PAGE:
How to spot a key sign of bladder and kidney cancers

Last week a new campaign launched to highlight blood in pee as a key symptom of bladder and kidney cancers.

Thursday, 26th July 2018, 12:41 pm
Updated Thursday, 26th July 2018, 12:44 pm

People are being encouraged to ‘look before you flush’ and visit a GP without delay if you notice blood in your pee, even if it’s just once.

Blood in pee is a key symptom of bladder and kidney cancer, yet only 20 per cent of those most at risk in the South East – aged 50 or over – check the colour of their pee every time they go to the toilet.

If people don’t look before they flush, they may not notice blood in their pee.

Be Clear on Cancer

Every year around 19,100 new cases of bladder and kidney cancer are diagnosed in England, causing around 8,000 deaths.

Locally there are around 74 new cases of bladder and kidney cancer in Arun and 44 in Worthing each year. Sadly 32 people in Arun die as a result of these cancers, and 20 people in Worthing each year.

A new short film featuring TV doctor Dr Dawn Harper is being released as part of the campaign.

The film shows what to look out for as the colour of blood in your pee can vary – from very diluted, to bright red or even dark brown, like the colour of weak black tea.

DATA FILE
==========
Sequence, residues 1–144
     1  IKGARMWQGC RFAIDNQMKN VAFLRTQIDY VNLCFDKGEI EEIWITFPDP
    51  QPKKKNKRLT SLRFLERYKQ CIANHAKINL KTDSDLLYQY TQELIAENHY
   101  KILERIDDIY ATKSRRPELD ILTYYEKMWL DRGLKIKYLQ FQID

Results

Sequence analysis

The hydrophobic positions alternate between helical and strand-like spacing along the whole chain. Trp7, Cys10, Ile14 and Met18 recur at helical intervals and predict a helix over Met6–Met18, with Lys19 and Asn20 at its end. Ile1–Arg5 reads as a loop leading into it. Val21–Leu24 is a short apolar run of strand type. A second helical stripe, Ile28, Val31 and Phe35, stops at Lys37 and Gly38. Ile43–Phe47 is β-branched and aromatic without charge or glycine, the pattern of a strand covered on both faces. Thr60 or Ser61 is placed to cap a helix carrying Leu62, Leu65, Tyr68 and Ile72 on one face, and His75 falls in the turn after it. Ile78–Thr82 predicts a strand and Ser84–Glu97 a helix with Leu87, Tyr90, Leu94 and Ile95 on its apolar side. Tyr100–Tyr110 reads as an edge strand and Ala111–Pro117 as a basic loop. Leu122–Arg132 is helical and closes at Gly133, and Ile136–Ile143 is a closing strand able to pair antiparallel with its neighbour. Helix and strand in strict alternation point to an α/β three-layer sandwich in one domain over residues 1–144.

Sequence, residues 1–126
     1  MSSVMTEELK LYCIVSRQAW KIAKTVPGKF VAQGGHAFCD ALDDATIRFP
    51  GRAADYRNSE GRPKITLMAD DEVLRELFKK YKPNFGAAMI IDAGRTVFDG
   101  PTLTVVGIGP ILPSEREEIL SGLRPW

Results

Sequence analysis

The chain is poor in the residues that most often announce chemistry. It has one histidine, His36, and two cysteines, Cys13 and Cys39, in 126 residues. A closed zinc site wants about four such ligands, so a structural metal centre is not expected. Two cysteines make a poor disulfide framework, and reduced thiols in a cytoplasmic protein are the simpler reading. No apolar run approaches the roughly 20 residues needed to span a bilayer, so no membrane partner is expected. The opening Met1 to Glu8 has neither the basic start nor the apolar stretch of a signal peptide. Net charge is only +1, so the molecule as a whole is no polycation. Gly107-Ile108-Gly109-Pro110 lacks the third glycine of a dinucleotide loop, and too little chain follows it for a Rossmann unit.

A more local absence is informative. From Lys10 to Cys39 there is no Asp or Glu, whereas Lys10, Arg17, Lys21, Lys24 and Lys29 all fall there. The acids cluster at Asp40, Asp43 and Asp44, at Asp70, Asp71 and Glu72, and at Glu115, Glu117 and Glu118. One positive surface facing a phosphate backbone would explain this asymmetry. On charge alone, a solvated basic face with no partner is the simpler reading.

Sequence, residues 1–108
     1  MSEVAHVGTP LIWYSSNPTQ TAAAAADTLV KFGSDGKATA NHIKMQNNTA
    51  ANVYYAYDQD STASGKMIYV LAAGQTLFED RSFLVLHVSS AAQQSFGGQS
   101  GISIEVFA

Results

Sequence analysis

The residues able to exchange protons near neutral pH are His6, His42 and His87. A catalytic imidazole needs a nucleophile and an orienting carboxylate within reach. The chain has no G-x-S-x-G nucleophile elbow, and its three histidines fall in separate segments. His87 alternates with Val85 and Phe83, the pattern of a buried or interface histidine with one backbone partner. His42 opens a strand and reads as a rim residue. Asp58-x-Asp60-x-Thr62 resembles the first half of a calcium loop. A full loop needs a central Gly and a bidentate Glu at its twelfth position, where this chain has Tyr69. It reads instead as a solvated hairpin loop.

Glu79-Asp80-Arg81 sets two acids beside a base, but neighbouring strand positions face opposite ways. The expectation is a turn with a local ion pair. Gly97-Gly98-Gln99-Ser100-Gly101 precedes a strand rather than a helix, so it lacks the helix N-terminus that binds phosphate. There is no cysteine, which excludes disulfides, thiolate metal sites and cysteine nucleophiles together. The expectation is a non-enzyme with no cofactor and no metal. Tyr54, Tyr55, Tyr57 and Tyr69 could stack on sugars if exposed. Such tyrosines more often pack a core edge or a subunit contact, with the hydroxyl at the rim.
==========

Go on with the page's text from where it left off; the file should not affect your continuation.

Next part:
Blood in pee is a symptom in almost two thirds, 64 per cent, of all bladder cancers and around a fifth, 18 per cent, of kidney cancers. Blood might not appear every time, so it is important that people seek medical help even if you notice it just once.

Worryingly, around 49 per cent of those surveyed said they would not seek medical advice if they saw blood in their pee just once, however, 45 per cent of those surveyed said they would wait and see if it happened again, potentially putting off a vital diagnosis.

Early diagnosis is critical; 84 per cent of those diagnosed with kidney cancer and 77 per cent of those diagnosed with bladder cancer at the earliest stage will live for at least five years. At a late stage such as stage four this drops to ten per cent and nine per cent respectively.

Geraldine Sinfield, bladder cancer survivor and supporter of the Urology Foundation, said: “I noticed blood in my pee in late 2013. I knew something was wrong and made an appointment to see my doctor straight away. He referred me to hospital for tests which showed I had bladder cancer. I’m so glad I acted quickly because my cancer was caught early and just six months after my treatment, my husband and I went sailing around Britain, something I never thought would be possible. Recently, at my last appointment, my doctor was so pleased with my progress that I was told I would no longer need to have annual checkups, which is a huge relief.”

The Be Clear on Cancer campaign encourages people to know and look out for the signs of bladder and kidney cancer.

For further information about the signs and symptoms of bladder and kidney cancer visit



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